Rule Change Sparks St. Louis Senior Housing Construction Boom

Long heralded as The Gateway to the West, St. Louis in recent years has primed itself for a senior housing land rush as developers pour into the state looking to capitalize on changes to the Missouri’s Certificate of Need (CON) laws.

Developers are investing millions into projects currently in the works for the St. Louis metro and greater county area, whether proposed, planned or underway for new construction, as well as expansions and renovations of existing communities.

“What’s happening is the market is now catching up with the demand that has been out there now that restrictions have been loosened,” says Jim Tellatin, founding principal of Chesterfield, Missouri-based Tellatin, Short & Hansen, Inc., a firm that provides consulting and valuation services for senior housing properties.

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As only one of five states in the U.S. that requires CON approval for assisted living and residential care facilities, Missouri’s CON laws have tightened entry into the senior housing development market. But, a rule change in the last three years has helped alleviate some pent-up demand, says Tellatin, who formerly chaired the state program.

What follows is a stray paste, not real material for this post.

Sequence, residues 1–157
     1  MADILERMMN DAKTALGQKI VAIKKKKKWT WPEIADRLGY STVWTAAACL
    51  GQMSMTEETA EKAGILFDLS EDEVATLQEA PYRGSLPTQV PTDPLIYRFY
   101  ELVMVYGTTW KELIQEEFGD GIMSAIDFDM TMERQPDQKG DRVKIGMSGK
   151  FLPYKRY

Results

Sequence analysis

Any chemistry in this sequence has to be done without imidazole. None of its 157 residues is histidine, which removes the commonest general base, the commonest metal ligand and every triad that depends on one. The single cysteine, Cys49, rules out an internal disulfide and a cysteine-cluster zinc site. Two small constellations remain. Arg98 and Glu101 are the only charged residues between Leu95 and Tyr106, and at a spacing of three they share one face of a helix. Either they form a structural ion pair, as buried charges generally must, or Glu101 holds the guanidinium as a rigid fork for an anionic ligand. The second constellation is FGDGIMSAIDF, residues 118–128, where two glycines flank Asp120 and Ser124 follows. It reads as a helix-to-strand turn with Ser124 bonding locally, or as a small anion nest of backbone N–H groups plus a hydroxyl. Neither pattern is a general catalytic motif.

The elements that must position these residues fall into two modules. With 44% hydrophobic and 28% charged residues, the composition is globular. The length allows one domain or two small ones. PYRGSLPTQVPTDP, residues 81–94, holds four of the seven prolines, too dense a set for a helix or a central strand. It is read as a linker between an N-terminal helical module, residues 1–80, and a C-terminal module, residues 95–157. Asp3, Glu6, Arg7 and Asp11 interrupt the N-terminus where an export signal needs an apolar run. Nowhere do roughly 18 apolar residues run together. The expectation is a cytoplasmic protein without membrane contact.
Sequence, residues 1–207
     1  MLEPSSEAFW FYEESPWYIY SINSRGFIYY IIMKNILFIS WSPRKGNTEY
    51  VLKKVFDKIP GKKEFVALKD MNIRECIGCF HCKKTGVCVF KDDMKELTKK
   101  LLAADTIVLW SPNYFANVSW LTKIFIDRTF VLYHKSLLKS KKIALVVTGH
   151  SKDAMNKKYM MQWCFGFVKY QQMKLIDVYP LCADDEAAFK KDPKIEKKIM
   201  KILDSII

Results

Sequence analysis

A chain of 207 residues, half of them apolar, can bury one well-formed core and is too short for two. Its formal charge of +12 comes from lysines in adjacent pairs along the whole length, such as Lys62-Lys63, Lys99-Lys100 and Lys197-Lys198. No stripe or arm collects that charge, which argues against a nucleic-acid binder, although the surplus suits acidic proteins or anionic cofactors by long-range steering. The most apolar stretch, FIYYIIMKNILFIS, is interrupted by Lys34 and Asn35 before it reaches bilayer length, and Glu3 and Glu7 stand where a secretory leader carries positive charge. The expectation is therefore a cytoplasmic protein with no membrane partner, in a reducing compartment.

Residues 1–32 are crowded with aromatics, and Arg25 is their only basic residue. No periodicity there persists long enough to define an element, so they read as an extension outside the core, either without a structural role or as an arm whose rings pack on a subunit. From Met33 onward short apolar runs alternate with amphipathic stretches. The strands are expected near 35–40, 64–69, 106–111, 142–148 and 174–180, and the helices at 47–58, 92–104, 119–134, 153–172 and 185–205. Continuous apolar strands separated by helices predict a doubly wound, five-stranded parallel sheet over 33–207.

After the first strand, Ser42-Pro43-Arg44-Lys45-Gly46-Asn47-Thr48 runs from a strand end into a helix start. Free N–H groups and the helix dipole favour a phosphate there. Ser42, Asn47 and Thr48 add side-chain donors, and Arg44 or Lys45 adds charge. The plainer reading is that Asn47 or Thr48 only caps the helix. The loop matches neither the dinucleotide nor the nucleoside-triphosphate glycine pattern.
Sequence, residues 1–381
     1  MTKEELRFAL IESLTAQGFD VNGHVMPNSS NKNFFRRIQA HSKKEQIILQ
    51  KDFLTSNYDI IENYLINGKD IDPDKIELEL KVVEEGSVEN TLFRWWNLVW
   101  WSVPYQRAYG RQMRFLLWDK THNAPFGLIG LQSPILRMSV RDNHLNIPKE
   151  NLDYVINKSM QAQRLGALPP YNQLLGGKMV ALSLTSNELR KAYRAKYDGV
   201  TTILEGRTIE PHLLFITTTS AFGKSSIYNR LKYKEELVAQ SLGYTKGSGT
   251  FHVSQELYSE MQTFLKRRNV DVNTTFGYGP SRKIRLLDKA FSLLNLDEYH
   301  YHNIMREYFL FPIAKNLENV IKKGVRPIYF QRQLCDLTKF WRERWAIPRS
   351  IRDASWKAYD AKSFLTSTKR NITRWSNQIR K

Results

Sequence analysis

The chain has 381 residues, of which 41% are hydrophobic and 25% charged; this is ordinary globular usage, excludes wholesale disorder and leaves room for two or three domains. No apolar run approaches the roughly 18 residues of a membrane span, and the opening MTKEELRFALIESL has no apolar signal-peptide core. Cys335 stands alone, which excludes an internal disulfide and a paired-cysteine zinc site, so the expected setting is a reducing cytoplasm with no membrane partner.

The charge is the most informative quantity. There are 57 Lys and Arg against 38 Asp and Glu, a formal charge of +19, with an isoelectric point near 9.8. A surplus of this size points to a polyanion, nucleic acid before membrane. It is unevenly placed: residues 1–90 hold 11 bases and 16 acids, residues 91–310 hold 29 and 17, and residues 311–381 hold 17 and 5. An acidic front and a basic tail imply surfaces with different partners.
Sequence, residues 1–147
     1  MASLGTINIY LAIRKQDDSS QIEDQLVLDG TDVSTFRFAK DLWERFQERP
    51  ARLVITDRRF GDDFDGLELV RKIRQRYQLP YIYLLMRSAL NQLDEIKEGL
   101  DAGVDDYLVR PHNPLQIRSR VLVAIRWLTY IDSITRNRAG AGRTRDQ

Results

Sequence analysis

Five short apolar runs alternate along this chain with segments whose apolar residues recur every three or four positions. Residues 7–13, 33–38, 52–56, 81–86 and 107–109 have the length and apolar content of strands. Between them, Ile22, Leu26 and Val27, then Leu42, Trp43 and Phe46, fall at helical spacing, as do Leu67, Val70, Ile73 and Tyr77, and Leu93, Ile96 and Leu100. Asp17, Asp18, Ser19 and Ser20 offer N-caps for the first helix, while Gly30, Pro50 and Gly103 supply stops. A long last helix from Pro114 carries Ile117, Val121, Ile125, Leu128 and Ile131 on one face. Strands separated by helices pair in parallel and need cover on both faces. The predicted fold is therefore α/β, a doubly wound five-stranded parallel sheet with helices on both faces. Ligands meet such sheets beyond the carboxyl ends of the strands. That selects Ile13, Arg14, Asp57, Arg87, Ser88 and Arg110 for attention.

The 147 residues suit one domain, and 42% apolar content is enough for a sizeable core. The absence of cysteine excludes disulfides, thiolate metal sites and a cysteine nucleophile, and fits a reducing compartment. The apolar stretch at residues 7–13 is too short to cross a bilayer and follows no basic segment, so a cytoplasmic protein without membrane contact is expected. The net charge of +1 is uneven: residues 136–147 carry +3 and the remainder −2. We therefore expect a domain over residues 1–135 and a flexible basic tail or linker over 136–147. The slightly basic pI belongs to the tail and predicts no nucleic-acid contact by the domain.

Since Missouri’s CON requirement was enacted for assisted living nearly 15 years ago, the state only allowed 16 beds per 1,000 people age 65 and older. Now, the rule allows 25 beds per 1,000 population.

The change—a product of a bill passed by the state’s legislature in 2011—has since attracted a number of new developments across the state, in turn triggering a “grab those beds before your neighbor gets them” mentality among developers, says Tellatin.

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“Once passed, [the bill] opened up a huge bed gate for assisted living and a land rush in metropolitan areas,” he says.

St. Louis County currently has 868 assisted living and residential care beds that are approved but not yet licensed, according to the Missouri Department of Health’s CON occupancy survey. The figures are in addition to 2,239 licensed assisted living and 904 licensed residential care beds already in the area.

From 2010-2012, 511 units started construction in majority independent living properties while 618 units came online for majority assisted living communities in the St. Louis metro area, according to NIC data.

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“There was a fairly decent build up in new construction particularly in assisted living, but it has tapered off since then,” says Chris McGraw, senior research analyst at the National Investment Center for the Seniors Housing & Care Industry (NIC).

One of these new construction projects currently underway is a $16.6 million, four-story assisted living facility in St. Louis developed by Denver-based Spectrum Retirement Communities and its affiliate S-K Dougherty Ferry LLC.

Spectrum has five existing properties in Missouri comprising 473 units, all of which are over 96% occupied, says Managing Partner Jeff Kraus, with the S-K Dougherty Ferry project being the company’s sixth in the state.